Plan for Corbyn to be ‘temporary PM’
JEREMY Corbyn could be installed as a caretaker UK Prime Minister to wreck Brexit as early as next week under Scottish National Party (SNP) plans.
The Sun reports that the SNP are prepared to let the left-wing Labour boss take the top job so he could extend Article 50 - because the party is worried conservative Prime Minister Boris Johnson will find a way to push Britain out of the European Union without a deal.
Mr Johnson has vowed to deliver Brexit on October 31 no matter what - despite a law which was passed saying he would have to seek a delay if he couldn't get a deal.
SNP leader Nicola Sturgeon said: "VONC (Vote of No Confidence), opposition unites around someone for sole purpose of securing an extension, and then immediate general election.
"Nothing is risk free but leaving Johnson in post to force through no deal - or even a bad deal - seems like a terrible idea for me."
A senior SNP source close to the leadership told ITV: "It is increasingly clear that we will have to install a new prime minister via a vote of no confidence, so that we can request a delay to Brexit and hold an election.
"The convention is absolutely clear that it is the leader of the opposition - in this case Jeremy Corbyn - who should become prime minister in those circumstances.
"Trying to find a compromise candidate, a national unity candidate, is too complicated, especially in the time we have. Whether people like it or not, the temporary prime minister has to be Corbyn."
The party's Westminster leader Ian Blackford suggested the party wouldn't be opposed to putting Mr Corbyn in No. 10 Downing Street.
Asked if he'd back the Labour leader to succeed Mr Johnson after a successful no-confidence vote, Mr Blackford said: "I'm less concerned about the individual. I think it is fair to say that, in such a scenario, the official leader of the Opposition is the first point of contact as far as that is concerned.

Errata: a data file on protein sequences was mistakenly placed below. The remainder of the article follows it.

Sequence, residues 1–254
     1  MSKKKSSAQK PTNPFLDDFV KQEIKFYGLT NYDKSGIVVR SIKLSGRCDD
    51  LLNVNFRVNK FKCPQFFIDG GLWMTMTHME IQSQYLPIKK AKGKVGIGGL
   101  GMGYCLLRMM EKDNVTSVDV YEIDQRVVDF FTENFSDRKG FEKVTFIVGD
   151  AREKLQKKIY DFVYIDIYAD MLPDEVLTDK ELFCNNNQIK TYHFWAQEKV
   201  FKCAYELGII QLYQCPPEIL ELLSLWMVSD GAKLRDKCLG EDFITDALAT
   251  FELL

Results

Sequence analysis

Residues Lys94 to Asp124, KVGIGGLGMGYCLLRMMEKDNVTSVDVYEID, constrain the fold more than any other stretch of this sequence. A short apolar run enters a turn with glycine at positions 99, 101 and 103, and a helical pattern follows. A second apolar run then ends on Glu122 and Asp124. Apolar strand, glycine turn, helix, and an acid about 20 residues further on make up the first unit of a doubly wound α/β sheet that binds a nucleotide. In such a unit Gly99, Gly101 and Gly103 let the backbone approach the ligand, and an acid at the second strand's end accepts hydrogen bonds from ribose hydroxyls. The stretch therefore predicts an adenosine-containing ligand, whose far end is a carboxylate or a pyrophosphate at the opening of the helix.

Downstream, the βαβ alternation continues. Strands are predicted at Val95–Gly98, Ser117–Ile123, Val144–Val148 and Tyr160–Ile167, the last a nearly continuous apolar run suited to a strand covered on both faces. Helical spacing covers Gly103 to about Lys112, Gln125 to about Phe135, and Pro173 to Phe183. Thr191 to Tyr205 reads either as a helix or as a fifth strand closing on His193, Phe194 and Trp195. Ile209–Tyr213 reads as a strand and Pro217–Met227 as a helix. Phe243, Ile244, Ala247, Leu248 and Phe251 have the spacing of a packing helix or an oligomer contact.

"But we are only talking about putting someone in place in order to call an election. On that basis, I wouldn't be opposed to that."
He tweeted last night: "We are facing someone that will stop at nothing. We need to take the keys of number 10 from him."
However, the two parties would have to get the Liberal Democrats or other MPs on board to help push a vote of no confidence in Mr Johnson over the line and to get enough MPs together to form a temporary coalition.
At the moment there is little prospect of Liberal Democrat boss Jo Swinson agreeing to elevate Mr Corbyn to PM.
Some of the 34 independent MPs may be willing to get them across the line - but most of them are former Tories and unlikely to back them.
Only with the help of them are they likely to succeed.
Under the plans Mr Corbyn would then seek an extension to Brexit and call an election.
Opposition parties including Labour, the SNP, Liberal Democrats, Greens and Plaid Cymru met again to discuss how to stop a No Deal Brexit.
They agreed that they wouldn't vote for an election unless there was a lock preventing a No Deal.
The parties will look at "all parliamentary mechanisms" they can.
An SNP spokesperson said: "It is now possible - if the political will is there - that parties could come together to ensure that the letter to secure an extension is not left in the hands of Boris Johnson and his cronies, who are determined to find a way to get around the Benn Act, but is instead sent by a temporary caretaker prime minister, who would be in office only as long as is necessary to send the letter, with an election held immediately afterwards.
"We remain open to all options to achieve the aim of stopping a No Deal Brexit and getting rid of Boris Johnson."